Several types of eczema, including contact dermatitis and discoid eczema, affect certain age groups and body areas. They also present differently across skin tones. People with lighter skin tones may develop skin redness, and on darker-skinned individuals, these areas may appear purple or gray.
This article looks at the different types of eczema affecting certain body parts. We also examine eczema in adults and children and provide slideshows of the types of eczema on different skin tones and bodies.
There are different types of eczema, including:
- Atopic dermatitis: Atopic refers to a collection of allergic conditions, such as asthma and hay fever, and the word dermatitis refers to skin inflammation. This condition’s general symptoms tend to include itching and dry, scaly patches. Foods, environmental allergens, and genetics may trigger this type of eczema. However, atopic dermatitis does not present with a patterned rash, which occurs with contact dermatitis. This is how doctors differentiate the two conditions.
- Contact dermatitis: This skin condition occurs when a person receives contact with certain substances that trigger an allergic reaction. The rash usually appears in a pattern that follows the shape of the allergen, such as a wedding band. Symptoms include:
- itchy skin
- crusting or scaly skin
- lesions in affected areas
- Dyshidrotic eczema: This type causes water-filled blisters on the affected body area. It may cause accompanying symptoms, including extreme itching and a burning sensation. Factors that can aggravate this condition include:
- sensitivity to specific compounds
- extreme temperatures
- Discoid eczema: This condition results in coin-shaped plaques with raised spots and scaling. It tends to be more common in older adults and those with extremely dry skin, such as during winter.
- Varicose eczema: This skin condition causes swelling and itchy discolored skin. It usually occurs on the lower legs when circulation issues lead to varicose veins.
- Asteatotic eczema: Doctors
characterizethis type of eczema as dry, cracked skin, scaling, and itching that results from dry and colder climates.
On lighter skin tones, eczema tends to cause skin reddening if people scratch itchy eczema patches. Conversely, the condition can cause darker brown, purple, or gray areas on darker skin.
Find out more about eczema on the skin of color.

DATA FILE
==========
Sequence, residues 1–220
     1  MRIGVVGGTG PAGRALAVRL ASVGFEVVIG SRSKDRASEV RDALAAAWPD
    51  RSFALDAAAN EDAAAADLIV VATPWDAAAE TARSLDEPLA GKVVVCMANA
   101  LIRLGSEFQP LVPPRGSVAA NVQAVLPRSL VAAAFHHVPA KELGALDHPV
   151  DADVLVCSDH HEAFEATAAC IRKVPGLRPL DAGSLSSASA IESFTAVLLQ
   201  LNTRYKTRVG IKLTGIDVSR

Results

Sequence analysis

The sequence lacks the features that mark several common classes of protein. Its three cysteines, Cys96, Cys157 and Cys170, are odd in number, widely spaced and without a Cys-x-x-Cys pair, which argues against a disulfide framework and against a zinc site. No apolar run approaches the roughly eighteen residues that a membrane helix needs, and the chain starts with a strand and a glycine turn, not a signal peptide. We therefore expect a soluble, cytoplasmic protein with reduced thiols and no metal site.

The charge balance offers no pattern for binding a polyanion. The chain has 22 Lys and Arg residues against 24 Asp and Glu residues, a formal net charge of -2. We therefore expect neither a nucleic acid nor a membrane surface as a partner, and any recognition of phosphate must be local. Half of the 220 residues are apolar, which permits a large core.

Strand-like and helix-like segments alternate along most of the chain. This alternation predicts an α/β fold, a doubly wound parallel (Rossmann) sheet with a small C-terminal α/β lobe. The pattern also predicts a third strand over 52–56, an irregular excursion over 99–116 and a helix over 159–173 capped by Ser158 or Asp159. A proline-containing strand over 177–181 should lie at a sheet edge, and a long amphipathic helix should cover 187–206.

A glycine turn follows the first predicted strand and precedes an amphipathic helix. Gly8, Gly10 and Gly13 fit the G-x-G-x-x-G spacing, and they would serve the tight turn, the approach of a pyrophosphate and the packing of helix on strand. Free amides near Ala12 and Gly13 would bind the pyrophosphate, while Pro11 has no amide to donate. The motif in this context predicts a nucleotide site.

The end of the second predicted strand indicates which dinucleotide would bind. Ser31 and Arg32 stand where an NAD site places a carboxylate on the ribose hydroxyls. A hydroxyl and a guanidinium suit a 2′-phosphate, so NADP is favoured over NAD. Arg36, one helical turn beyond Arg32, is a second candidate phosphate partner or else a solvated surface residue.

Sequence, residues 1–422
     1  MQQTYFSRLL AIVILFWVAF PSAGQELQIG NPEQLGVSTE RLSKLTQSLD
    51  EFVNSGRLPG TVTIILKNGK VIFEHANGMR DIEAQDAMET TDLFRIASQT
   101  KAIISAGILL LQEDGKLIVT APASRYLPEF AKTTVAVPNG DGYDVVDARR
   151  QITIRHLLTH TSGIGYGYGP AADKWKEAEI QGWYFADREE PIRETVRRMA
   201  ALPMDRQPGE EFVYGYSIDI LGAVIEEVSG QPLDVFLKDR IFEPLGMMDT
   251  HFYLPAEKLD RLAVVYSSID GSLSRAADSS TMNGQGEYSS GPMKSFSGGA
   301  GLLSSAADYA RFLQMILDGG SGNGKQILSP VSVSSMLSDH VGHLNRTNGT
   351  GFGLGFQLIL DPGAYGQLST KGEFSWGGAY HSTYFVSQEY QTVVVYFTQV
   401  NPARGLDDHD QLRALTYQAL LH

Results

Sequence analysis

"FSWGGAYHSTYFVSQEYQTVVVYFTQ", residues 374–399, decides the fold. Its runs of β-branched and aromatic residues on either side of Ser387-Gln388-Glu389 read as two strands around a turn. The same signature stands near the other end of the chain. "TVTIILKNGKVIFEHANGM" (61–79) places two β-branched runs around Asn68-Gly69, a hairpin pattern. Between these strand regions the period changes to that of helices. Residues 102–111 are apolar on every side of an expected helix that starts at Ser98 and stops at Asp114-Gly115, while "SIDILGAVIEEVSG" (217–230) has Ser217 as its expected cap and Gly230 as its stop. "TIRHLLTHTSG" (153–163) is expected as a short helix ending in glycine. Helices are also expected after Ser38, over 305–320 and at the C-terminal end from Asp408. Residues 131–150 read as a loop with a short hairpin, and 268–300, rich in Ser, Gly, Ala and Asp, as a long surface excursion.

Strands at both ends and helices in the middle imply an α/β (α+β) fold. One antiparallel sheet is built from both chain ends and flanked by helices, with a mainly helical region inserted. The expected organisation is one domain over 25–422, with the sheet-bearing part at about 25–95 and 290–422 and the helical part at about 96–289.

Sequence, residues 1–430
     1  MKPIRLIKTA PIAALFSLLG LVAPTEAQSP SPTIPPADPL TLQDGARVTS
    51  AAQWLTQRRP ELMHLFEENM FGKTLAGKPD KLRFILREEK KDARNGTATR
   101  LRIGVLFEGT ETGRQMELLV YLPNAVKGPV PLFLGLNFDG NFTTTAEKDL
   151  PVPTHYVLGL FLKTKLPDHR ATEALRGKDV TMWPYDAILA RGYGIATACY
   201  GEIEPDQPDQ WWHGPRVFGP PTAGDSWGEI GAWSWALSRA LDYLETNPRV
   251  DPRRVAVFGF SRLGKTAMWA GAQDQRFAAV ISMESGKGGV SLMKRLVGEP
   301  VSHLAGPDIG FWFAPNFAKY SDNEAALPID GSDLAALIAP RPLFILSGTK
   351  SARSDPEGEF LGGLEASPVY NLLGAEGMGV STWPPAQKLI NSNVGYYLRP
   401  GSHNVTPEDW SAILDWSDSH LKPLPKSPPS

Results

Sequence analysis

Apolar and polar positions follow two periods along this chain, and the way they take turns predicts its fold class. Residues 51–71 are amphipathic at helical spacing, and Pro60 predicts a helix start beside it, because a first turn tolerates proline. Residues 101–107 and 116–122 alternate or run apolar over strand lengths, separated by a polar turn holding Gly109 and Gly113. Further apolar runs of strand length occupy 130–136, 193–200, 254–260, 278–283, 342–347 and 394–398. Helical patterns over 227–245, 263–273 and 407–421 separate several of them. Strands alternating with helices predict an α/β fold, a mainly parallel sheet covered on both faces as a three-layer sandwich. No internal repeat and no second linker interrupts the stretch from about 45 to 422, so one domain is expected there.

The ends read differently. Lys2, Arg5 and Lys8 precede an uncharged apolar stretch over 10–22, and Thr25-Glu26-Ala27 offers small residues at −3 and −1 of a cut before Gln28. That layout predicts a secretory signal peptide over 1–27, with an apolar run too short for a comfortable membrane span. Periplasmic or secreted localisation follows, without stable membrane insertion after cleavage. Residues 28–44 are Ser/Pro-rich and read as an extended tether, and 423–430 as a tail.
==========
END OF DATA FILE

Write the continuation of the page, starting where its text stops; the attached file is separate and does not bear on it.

The following slides show pictures of the types of eczema. To see all the images on one screen, click “view all.”
These different types of eczema may occur on specific body parts more than others, including the:
The images in the slideshow below show some of the different areas of the body that eczema may affect.
Adults can develop any type of eczema. If a person has had the condition for years, the skin may appear thick, rougher, and darker than the surrounding skin.
Specific types of eczema are more common in older adults. For example, varicose eczema tends to affect people over 50 years of age.
Additionally, asteatotic eczema affects those
Varicose eczema is quite common, affecting approximately 70% of people over the age of 70 years.
Adults also usually develop eczema on different parts of their bodies compared with children. Adult eczema may form in one or more of the following areas:
- the backs of the knees
- the creases of the elbows
- the back of the neck
- the face
To see all the pictures, click “view all.”
Eczema can appear on any area of the skin at any age. However, at certain ages, it is more likely to develop in some regions of the body.
In babies, eczema may occur on the scalp and face, particularly the cheeks. However, they rarely develop AD in the diaper area, as the skin stays too moist for AD. A rash in the diaper area usually indicates diaper rash.
Eczema often appears as a dry, raw, scaly rash. Itching may come and go, and any lesions may weep fluid in some cases.
When eczema develops after the age of 2 years, it usually occurs as itchy and scaly patches in areas such as:
- the creases of the elbows and knees
- the crease between the buttocks and legs
Over time, the skin may change in appearance, causing it to become bumpy, discolored, and thicker, resulting in the skin becoming persistently itchy.
Read more about eczema in children.
In the following slides, find examples of the areas that eczema affects in children.
There are several risk factors can trigger eczema, including:
- a family history of this condition
- environmental allergens
- extremely dry skin
- contact with allergic substances in shampoo or cleansers
- certain food allergies
- hay fever
- cold or damp environments
- warm and humid environments
- immune system issues
- metal compounds
- chemical compounds
There is no cure for eczema, but there are many treatments available. These may include over-the-counter (OTC) or prescription medications or lifestyle changes depending on the type of eczema.
- OTC treatments include topical and oral medications, such as antihistamines and hydrocortisone, to relieve itching. Other OTC remedies can help prevent flares and assist with sleep when nighttime itching occurs.
- prescription topical medications include:
- topical Janus kinase (JAK) inhibitors
- topical calcineurin inhibitors such as tacrolimus
- topical PDE4 inhibitors
- topical steroids
- prescription injectable medications, such as biologics
- prescription oral medications:
- JAK inhibitors
- systemic medication
- prescription phototherapy
Several types of eczema can cause symptoms ranging from itching, dry skin, and scaling. These may present in different body areas, varying by age and skin tone. There is no cure for any type of eczema, but treatments are available to relieve symptoms.